Ethical Dilemmas in Current Planning for Polio Eradication
Taylor, Carl E.
Taylor, Mary E.
American Journal of Public Health. 1997 Jun; 87(6): 922-925.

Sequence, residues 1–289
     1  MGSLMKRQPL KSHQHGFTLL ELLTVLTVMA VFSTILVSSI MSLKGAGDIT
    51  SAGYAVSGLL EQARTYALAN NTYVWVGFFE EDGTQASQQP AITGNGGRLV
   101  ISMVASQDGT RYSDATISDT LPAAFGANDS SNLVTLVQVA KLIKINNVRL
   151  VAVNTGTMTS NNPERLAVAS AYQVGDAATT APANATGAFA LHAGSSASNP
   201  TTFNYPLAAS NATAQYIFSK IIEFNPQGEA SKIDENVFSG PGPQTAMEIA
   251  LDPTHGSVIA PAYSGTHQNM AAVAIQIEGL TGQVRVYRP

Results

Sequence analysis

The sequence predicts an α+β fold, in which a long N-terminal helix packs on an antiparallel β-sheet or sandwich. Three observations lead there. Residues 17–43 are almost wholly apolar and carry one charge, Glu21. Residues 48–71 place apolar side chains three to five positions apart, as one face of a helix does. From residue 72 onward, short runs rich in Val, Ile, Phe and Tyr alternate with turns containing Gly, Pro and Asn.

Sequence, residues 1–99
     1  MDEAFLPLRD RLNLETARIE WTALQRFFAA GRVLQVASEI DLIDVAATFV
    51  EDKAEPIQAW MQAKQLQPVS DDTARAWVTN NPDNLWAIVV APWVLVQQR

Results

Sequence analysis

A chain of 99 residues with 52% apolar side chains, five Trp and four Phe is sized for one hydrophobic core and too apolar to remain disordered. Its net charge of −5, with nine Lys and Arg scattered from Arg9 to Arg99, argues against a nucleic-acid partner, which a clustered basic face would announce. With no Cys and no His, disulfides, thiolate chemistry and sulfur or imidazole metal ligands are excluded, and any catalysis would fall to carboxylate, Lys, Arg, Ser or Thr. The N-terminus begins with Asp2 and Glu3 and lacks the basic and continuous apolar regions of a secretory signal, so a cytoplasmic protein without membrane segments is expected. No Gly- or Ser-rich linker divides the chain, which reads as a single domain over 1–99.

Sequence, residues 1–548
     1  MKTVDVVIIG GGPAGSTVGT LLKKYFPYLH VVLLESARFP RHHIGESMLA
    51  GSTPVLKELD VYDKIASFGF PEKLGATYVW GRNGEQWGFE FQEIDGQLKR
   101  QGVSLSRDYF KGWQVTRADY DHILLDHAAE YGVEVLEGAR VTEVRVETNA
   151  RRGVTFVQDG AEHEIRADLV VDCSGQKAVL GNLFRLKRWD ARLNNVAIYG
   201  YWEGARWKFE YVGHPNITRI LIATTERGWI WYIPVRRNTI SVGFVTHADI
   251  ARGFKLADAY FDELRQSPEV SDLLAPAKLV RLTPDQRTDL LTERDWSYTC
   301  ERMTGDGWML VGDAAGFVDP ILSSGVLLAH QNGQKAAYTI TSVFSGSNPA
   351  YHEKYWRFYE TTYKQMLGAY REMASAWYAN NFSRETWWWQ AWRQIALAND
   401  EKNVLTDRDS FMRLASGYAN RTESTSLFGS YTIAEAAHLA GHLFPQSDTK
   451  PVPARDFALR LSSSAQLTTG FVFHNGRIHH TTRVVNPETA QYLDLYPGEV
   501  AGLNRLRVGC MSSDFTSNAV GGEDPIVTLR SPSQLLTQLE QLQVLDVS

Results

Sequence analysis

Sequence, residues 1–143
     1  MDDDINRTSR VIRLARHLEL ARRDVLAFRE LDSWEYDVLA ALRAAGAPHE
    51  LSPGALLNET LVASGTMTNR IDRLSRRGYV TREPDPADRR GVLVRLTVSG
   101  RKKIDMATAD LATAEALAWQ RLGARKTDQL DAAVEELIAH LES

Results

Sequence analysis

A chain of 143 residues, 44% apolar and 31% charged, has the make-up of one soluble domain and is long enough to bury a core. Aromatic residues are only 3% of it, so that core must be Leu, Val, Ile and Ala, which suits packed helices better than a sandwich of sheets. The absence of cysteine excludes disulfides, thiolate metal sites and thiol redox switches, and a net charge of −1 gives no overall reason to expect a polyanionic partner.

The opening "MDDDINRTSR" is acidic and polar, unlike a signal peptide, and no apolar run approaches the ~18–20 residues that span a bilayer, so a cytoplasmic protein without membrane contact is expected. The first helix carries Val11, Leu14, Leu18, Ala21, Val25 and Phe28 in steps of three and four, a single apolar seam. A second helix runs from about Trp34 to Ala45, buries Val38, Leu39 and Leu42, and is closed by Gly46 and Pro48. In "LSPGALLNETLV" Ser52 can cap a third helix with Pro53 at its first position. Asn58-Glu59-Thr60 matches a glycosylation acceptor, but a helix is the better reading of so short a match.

Intensification of polio eradication efforts worldwide raises concerns about costs and benefits for poor countries. A major argument for global funding is the high benefit-cost ratio of eradication; however, financial benefits are greatest for rich countries. By contrast, the greatest costs are borne by poor countries; the Pan American Health Organization has estimated that host countries bore 80% of costs for polio eradication in the Americas. The 1988 World Health Assembly resolution setting up the Polio Eradication Initiative carried the proviso that programs should strengthen health infrastructures. Drastic cuts in donor funding for health make this commitment even more important. Two international evaluations have reported both positive and negative effects of polio and Expanded Programme on Immunization programs on the functioning and sustainability of primary health care. Negative effects were greatest in poor countries with many other diseases of public health importance. If poor countries are expected to divert funds from their own urgent priorities, donors should make solid commitments to long-term support for sustainable health development.
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